LETTERS Are chimps sacred?
Sir: Echoing the Pope again, Paul Johnson regards the sanctity of human life as an eternal absolute, and he counts abortions in modern Britain on the same scale as adult executions by Nazis and Communists (Another thing, 8 April).
Far from being an eternal verity, human- ity is only about 200,000 generations away from our common ancestor with chim- panzees. The facts of evolution are not disputed by the Roman Catholic Church. Since the sanctity of chimpanzee life is not claimed to be absolute it follows that, somewhere along the chain of 200,000 African generations, a child whose life was sacred was born to parents whose life was not — 'generation gap' takes on a whole new meaning. Whatever he may say, I doubt that the Pope is stupid enough to believe this, and Paul Johnson certainly is not. They probably have sim- ply never given a thought to the implica- tions of evolution but, if they do, they will be forced to agree that our 'humanity' is not an absolute but arrived on earth grad- ually. Humanity is a continuum, like tall- ness and musical talent.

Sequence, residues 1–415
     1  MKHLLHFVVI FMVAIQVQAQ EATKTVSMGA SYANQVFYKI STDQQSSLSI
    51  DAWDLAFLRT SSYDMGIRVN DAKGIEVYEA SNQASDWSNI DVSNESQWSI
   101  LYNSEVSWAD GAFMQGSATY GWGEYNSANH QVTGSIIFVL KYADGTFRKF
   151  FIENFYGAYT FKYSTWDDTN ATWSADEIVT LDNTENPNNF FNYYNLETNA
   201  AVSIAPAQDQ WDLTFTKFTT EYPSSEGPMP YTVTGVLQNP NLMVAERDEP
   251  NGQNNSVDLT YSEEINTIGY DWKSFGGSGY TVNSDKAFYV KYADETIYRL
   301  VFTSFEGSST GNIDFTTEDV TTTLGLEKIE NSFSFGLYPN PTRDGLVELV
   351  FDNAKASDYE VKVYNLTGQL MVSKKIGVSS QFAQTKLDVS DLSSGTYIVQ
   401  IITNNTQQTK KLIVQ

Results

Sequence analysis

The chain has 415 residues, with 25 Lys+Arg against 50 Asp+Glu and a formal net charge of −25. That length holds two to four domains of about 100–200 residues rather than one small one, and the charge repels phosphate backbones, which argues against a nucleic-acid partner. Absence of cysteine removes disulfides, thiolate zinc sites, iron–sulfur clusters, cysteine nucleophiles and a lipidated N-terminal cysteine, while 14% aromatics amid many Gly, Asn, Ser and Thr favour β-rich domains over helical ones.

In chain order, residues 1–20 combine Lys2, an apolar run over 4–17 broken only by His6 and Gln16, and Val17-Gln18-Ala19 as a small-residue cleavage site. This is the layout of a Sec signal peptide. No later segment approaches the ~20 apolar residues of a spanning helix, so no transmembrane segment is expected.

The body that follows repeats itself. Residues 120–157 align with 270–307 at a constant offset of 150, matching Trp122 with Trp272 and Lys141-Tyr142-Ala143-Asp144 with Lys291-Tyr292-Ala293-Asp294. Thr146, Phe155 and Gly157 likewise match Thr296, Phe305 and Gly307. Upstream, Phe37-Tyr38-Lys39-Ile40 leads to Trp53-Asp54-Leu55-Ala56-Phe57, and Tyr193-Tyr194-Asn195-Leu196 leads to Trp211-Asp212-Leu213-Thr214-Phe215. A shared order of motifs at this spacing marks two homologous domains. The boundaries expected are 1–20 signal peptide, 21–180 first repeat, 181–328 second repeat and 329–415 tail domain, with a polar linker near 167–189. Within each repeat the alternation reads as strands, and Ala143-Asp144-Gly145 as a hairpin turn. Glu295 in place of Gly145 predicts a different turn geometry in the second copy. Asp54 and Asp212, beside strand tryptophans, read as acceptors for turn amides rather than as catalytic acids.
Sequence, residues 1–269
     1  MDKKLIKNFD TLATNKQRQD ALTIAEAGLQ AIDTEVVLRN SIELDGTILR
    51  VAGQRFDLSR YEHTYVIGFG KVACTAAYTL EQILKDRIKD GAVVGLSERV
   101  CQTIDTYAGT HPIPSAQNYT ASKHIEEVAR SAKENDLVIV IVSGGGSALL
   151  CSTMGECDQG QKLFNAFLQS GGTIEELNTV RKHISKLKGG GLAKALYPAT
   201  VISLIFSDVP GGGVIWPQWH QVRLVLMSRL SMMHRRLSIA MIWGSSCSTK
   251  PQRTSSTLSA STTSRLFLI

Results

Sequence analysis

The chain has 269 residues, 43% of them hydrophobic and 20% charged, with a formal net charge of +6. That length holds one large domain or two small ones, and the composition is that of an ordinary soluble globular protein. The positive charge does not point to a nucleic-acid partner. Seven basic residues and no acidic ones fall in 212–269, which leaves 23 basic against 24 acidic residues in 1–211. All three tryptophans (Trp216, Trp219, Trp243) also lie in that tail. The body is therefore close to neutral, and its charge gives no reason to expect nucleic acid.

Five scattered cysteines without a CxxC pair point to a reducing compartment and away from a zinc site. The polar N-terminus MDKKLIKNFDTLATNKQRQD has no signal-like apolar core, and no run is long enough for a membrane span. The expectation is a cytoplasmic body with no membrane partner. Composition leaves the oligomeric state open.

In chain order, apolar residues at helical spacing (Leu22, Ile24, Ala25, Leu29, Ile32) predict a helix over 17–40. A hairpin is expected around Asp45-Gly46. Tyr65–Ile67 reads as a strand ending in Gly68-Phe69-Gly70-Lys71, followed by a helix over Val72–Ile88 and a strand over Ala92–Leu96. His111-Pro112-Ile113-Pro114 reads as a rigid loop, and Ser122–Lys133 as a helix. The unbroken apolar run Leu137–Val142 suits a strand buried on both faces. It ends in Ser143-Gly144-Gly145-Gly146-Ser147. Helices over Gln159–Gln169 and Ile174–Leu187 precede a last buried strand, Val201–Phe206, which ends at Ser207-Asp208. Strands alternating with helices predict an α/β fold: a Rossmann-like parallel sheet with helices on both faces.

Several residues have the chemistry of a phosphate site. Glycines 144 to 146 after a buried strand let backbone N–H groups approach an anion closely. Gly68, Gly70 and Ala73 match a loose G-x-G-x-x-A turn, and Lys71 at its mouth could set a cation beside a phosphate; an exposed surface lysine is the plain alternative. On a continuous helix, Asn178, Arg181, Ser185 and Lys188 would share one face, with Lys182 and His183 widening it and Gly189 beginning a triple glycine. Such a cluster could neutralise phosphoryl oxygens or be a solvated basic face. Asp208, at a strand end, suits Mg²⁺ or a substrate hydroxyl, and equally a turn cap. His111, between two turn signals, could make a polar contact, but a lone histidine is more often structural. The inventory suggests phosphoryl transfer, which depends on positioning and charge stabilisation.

Once you admit this on the evolutionary timescale, there seems no reason not to admit it on the timescale of individual development, too. The humanity of an indi- vidual child, like its weight and its linguistic competence, develops gradually, in the womb and out of it. The killing of a foetus, if it is a crime at all, is a quantitatively less- er crime than the killing of an adult. An independent case can be made that it is a lesser crime than the ritual skewering of an adult bull for the entertainment of good Catholics. We must learn to think quantita- tively. Absolutes are an inadequate substi- tute for thought.
New College, Oxford